flat-form binary output format, and specifies the address at which
the output code will eventually be loaded.
.PP
.I GROUP grpname seg1 seg2...
is used by the
.I obj
(Microsoft 16-bit) output format, and defines segment groups. This
format also uses
.IR UPPERCASE ,
which directs that all segment, group and symbol names output to the
object file should be in uppercase. Note that the actual assembly is
still case sensitive.
.PP
.I LIBRARY libname
is used by the
.I rdf
output format, and causes a dependency record to be written to the
output file which indicates that the program requires a certain
library in order to run.
.SS MACRO PREPROCESSOR
Single-line macros are defined using the
.I %define
or
.I %idefine
commands, in a similar fashion to the C preprocessor. They can be
overloaded with respect to number of parameters, although defining a
macro with no parameters prevents the definition of any macro with
the same name taking parameters, and vice versa.
.I %define
defines macros whose names match case-sensitively, whereas
.I %idefine
defines case-insensitive macros.
.PP
Multi-line macros are defined using
.I %macro
and
.I %imacro
(the distinction is the same as that between
.I %define
and
.IR %idefine ),
whose syntax is as follows:
.PP
.ti +6n
%macro
.I name
.IR minprm [- maxprm "][+][.nolist] [" defaults ]
.br
.ti +15n
<some lines of macro expansion text>
.br
.ti +6n
%endmacro
.PP
Again, these macros may be overloaded. The trailing plus sign
indicates that any parameters after the last one get subsumed, with
their separating commas, into the last parameter. The
.I defaults
part can be used to specify defaults for unspecified macro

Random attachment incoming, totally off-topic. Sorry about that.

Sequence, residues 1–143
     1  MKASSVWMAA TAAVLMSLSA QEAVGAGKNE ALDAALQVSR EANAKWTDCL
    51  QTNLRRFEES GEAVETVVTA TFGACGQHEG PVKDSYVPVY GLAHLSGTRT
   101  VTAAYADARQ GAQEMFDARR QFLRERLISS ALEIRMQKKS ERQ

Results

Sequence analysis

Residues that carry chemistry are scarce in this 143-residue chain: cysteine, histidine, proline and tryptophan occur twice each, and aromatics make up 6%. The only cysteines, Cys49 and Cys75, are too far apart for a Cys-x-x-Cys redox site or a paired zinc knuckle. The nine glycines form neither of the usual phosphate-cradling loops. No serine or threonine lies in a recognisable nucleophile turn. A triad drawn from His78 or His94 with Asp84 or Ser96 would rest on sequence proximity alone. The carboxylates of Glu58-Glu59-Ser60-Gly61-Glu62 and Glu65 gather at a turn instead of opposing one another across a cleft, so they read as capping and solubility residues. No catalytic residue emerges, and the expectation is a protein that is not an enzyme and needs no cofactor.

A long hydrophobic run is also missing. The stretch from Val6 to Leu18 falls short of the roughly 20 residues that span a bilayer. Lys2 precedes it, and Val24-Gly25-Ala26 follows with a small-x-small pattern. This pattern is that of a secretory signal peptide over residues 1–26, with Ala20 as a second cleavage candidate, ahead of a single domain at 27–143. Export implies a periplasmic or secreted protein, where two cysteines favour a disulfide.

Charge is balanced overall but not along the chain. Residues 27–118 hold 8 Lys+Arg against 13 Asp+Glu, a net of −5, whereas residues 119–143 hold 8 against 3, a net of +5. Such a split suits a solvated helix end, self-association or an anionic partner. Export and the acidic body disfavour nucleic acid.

parameters after
.IR minparam .
.I %endm
is a valid synonym for
.IR %endmacro .
.PP
To refer to the macro parameters within a macro expansion, you use
.IR %1 ,
.I %2
and so on. You can also enforce that a macro parameter should
contain a condition code by using
.IR %+1 ,
and you can invert the condition code by using
.IR %-1 .
You can also define a label specific to a macro invocation by
prefixing it with a double % sign.
.PP
Files can be included using the
.I %include
directive, which works like C.
.PP
The preprocessor has a `context stack', which may be used by one
macro to store information that a later one will retrieve. You can
push a context on the stack using
.IR %push ,
remove one using
.IR %pop ,
and change the name of the top context (without disturbing any
associated definitions) using
.IR %repl .
Labels and
.I %define
macros specific to the top context may be defined by prefixing their
names with %$, and things specific to the next context down with
%$$, and so on.
.PP
Conditional assembly is done by means of
.IR %ifdef ,
.IR %ifndef ,
.I %else
and
.I %endif
as in C. (Except that
.I %ifdef
can accept several putative macro names, and will evaluate TRUE if
any of them is defined.) In addition, the directives
.I %ifctx
and
.I %ifnctx
can be used to condition on the name of the top context on the
context stack. The obvious set of `else-if' directives,
.IR %elifdef ,
.IR %elifndef ,
.IR %elifctx
and
.IR %elifnctx
are also supported.
.SH BUGS
There is a reported seg-fault on some (Linux) systems with some
large source files. This appears to be very hard to reproduce. All
other
.I known
bugs have been fixed...
.SH RESTRICTIONS
There is no support for listing files, symbol maps, or debugging
object-file records. The advanced features of the ELF and Win32
object file formats are not supported, and there is no means for
warning the programmer against using an instruction beyond the
capability of the target processor.
.SH SEE ALSO
.BR as "(" 1 "),"
.BR ld "(" 1 ")."